Nobody would care what Bruce Springsteen thinks about politics if it weren’t for Ronald Reagan — here’s why

Writer Marc Dolan writing in Politico Magazine Thursday has raised an interesting point about the legacy of Bruce Springsteen. The liberal singer who has long championed the plight of the working man may never have been taken seriously by the pop-culture political elite if not for the Gipper himself, President Ronald Reagan.

As a child raised in a conservative Jersey Shore town, single-digit miles away from the haunts Springsteen made famous, the general feeling about Springsteen was overwhelmingly positive. Many viewed the Freehold Borough boy as a classic example of local kid ‘done good,’ while others — most notably the parents of many of my peers — enjoyed a good Springsteen tune but would often say “I liked him more before he got political.”

Growing up as a politically apathetic teenager, I couldn’t hear the anti-Vietnam message in “Born in the USA”, nor the tales of working-class poverty spread throughout his “Nebraska” album. As Dolan examines in Politico, this inability to separate the man from the music isn’t uncommon, though the lines became a little obscured when Ronald Reagan began invoking the aforementioned “Born in the USA.”

It was at this moment in 1984 that Springsteen had a choice. While he is known now for his political message, at the time he remained increasingly politically distant. When Reagan promoted Springsteen’s record, he did so not through the songs themselves but through the man writing them.

“America’s future rests in a thousand dreams inside your hearts. It rests in the message of hope in the songs of a man so many young Americans admire — New Jersey’s own, Bruce Springsteen,” he told a crowd in Hammonton, New Jersey.

Springsteen, in the midst of one of the most famous tours in music history, could have shied away from the president’s endorsement. Over time, as Dolan writes, Springsteen used the words that Reagan praised him for and let his true emotions shine through. After Reagan spoke about Springsteen and used “Born in the USA” as an election rallying cry, the singer began to change. His lengthy monologues in between songs became a little more biting.

At tour stops around the country, he started collecting food to help local shelters and food banks. He began to refute the notions of Reagan, letting his audience know that the skinny kid from Freehold was still one of them — not one of the establishment.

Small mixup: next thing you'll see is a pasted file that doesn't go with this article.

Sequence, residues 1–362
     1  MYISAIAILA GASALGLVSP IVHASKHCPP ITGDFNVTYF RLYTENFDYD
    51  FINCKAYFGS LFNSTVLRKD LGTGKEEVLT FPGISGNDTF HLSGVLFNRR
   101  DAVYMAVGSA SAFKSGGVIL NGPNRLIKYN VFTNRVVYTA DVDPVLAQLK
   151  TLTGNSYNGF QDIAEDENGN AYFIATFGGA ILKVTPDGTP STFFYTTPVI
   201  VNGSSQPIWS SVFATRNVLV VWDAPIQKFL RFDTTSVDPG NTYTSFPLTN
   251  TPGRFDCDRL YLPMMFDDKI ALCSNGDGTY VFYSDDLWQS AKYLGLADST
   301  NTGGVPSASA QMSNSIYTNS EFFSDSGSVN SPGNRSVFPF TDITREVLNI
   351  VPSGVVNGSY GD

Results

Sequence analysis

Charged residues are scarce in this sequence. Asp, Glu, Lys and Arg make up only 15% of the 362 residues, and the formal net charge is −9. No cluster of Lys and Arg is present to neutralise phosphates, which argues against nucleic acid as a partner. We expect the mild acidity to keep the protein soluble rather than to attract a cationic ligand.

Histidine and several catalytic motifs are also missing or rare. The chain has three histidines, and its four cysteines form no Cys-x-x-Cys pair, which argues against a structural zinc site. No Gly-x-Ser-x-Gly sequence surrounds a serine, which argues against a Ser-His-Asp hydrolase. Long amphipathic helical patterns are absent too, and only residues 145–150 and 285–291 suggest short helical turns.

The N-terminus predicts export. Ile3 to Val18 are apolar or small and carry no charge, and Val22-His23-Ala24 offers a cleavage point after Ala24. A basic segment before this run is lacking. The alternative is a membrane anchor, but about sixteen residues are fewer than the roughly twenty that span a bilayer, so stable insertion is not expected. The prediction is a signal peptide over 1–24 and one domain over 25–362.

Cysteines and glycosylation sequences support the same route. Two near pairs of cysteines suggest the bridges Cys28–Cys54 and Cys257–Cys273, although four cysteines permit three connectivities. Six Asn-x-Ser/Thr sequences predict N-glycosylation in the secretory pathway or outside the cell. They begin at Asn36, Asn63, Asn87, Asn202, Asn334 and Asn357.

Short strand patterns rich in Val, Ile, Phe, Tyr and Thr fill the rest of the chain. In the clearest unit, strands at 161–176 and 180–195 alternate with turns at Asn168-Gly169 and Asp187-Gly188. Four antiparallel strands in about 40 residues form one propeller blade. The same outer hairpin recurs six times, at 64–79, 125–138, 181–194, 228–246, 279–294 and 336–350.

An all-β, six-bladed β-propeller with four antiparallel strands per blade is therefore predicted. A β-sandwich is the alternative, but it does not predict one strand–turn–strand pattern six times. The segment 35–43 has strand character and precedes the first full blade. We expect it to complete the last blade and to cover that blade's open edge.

In the days following Reagan’s initial endorsement, Springsteen addressed the conflicting nature of their political allegiances, calling out the president for attempting to co-opt what was then the hottest record in the country.

“Well, the president was mentioning my name in his speech the other day … and I kind of got to wondering what his favorite album of mine must’ve been, you know? I don’t think it was the “Nebraska” album. I don’t think he’s been listening to this one.”

Slowly but surely, songs like “Johnny 99” — one of the more rollicking politically charged songs you will ever hear — began popping up at Springsteen shows. Decades later, songs like “Ghost of Tom Joad” and “American Skin (41 Shots)” would join “Johnny 99” as live reminders that within the kid from Jersey was a political thinker with something to say.

As Dolan writes in Politico, throughout all of this, Springsteen rarely if ever firmly endorses a candidate — letting his personal ideals weigh more than any one candidate.

“Whatever his ideological beliefs, Bruce Springsteen is not a creature of party. He’s a democrat — lowercase ‘d’,” Dolan writes.

In the years since the Reagan endorsement, Springsteen’s songs have been used by numerous candidates on both sides of the aisle, including Secretary of State John Kerry, during his ill-fated presidential run, and President Barack Obama.

As an incoming freshmen in college, I found the appeal of Springsteen’s music through politics. Having been raised in a conservative household, I knew I was probably destined to vote Republican in the 2008 election. Yet, as an open-minded youth, there was still a chance I could evolve into a Democrat.

I saw Bruce Springsteen at several Obama rallies in 2008 and was disenchanted with the words of the candidate but still enthralled with the music of my hometown’s hero. At these rallies, I witnessed scores of young people flocking to see both men standing together, arms clasped, cheering along their shared vision for the U.S.

Finally, after decades, Springsteen was truly embracing his Democratic political roots — and embracing a candidate he could believe in.

Without Reagan, he never would have gotten there.


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